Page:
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Once in a Standard: The Savory Collection

Critic Ben Ratliff on why the work of jazz is never done

Coleman Hawkins
Coleman Hawkins in 1947

Four years ago, when the first items from William Savory’s collection of jazz audio were restored and shared by the National Jazz Museum in Harlem, one of them was a recording, from a broadcast by the Mutual Broadcasting System radio network, of Coleman Hawkins performing “Body and Soul.”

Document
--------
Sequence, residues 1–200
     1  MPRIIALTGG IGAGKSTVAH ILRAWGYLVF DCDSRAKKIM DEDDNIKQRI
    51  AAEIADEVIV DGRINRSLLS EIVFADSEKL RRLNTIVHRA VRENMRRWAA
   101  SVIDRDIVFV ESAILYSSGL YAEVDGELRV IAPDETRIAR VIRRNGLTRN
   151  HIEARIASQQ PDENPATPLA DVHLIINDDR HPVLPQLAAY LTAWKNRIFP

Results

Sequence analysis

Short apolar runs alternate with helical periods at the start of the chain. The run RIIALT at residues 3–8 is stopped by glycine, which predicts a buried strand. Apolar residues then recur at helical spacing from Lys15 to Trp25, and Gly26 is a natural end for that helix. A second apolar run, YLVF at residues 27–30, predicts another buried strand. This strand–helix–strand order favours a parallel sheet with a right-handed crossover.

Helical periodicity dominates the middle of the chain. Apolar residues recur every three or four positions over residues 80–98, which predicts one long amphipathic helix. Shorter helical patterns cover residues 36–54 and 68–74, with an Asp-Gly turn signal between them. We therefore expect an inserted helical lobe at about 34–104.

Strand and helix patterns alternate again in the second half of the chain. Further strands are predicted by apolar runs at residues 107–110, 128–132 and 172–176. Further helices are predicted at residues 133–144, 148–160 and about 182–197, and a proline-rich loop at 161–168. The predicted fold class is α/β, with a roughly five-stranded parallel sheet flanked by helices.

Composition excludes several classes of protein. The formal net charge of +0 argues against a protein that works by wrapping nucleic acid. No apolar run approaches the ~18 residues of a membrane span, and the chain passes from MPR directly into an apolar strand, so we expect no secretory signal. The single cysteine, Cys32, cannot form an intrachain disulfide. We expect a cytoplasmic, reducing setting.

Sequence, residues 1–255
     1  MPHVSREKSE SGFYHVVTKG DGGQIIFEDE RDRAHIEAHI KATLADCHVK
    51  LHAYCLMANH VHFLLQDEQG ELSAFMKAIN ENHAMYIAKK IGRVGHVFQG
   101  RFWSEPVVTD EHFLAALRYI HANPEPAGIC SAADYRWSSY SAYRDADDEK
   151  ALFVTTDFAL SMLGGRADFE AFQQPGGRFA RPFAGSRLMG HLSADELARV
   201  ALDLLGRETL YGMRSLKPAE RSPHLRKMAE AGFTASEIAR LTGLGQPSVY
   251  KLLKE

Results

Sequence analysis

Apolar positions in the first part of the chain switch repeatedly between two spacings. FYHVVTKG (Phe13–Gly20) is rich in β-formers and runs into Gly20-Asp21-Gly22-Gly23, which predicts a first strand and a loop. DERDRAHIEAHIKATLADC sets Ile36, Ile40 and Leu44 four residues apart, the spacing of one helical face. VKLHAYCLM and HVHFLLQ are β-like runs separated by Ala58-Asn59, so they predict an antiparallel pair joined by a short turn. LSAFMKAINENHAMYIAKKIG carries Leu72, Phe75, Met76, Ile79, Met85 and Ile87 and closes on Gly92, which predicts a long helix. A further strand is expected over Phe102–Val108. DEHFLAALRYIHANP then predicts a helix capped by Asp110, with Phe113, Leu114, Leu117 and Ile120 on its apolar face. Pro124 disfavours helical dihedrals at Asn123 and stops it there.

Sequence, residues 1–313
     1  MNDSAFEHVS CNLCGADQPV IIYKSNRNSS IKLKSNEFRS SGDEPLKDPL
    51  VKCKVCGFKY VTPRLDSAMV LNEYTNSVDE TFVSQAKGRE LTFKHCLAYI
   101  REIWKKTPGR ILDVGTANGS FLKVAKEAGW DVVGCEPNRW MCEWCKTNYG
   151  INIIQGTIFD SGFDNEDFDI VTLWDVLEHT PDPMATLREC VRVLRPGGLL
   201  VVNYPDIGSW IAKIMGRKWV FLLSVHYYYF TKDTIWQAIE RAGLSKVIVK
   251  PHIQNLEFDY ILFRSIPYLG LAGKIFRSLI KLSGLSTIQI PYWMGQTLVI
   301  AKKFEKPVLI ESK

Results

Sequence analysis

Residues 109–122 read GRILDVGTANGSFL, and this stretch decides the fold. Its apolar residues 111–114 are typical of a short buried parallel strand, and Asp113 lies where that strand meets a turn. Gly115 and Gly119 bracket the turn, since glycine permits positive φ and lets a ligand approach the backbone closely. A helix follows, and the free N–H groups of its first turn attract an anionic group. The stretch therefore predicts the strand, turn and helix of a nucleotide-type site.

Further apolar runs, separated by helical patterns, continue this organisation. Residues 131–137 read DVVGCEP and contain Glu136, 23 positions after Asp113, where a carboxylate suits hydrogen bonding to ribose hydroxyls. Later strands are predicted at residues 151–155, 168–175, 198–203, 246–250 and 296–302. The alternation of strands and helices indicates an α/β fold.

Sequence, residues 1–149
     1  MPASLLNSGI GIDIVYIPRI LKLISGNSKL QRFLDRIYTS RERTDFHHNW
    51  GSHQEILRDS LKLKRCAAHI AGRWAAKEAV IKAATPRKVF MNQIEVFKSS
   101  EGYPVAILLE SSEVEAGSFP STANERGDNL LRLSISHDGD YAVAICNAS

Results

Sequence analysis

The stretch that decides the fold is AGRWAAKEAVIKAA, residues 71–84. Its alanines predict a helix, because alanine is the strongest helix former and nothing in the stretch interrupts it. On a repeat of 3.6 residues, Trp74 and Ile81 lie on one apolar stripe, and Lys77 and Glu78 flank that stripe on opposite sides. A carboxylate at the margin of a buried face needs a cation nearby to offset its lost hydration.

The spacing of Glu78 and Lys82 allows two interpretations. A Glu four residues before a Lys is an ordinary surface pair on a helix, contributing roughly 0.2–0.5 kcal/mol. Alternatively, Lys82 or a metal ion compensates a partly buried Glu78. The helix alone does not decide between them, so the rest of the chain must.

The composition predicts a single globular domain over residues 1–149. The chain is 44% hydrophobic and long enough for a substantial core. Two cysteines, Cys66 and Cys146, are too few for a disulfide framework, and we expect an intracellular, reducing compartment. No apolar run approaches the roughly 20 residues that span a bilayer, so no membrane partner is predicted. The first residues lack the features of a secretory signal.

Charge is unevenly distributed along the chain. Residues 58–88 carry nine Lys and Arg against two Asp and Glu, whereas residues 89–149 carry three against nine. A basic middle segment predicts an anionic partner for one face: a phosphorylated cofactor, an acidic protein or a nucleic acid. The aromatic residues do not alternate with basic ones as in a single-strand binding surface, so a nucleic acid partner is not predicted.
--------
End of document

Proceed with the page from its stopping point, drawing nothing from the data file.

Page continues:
This was in 1940, at New York’s Fiesta Danceteria (“the world’s first self-service nightclub,” according to the announcer), a year after the release of Hawkins’ hit studio version of the same song. The 1939 “Body and Soul,” now a historic recording, much analyzed and referenced and included in the Library of Congress’ National Recording Registry, had already become a set piece. But the version Savory recorded has much the same dramatic intensity, and lasts two choruses longer. It is genuinely great, but its larger suggestion may be greater: that it is not in the nature of jazz to conjure a goal, achieve it, enshrine it for all time, and then move on to something different. It isn’t quite that the new “Body and Soul” tore down a monument. It just made monuments seem beside the point.

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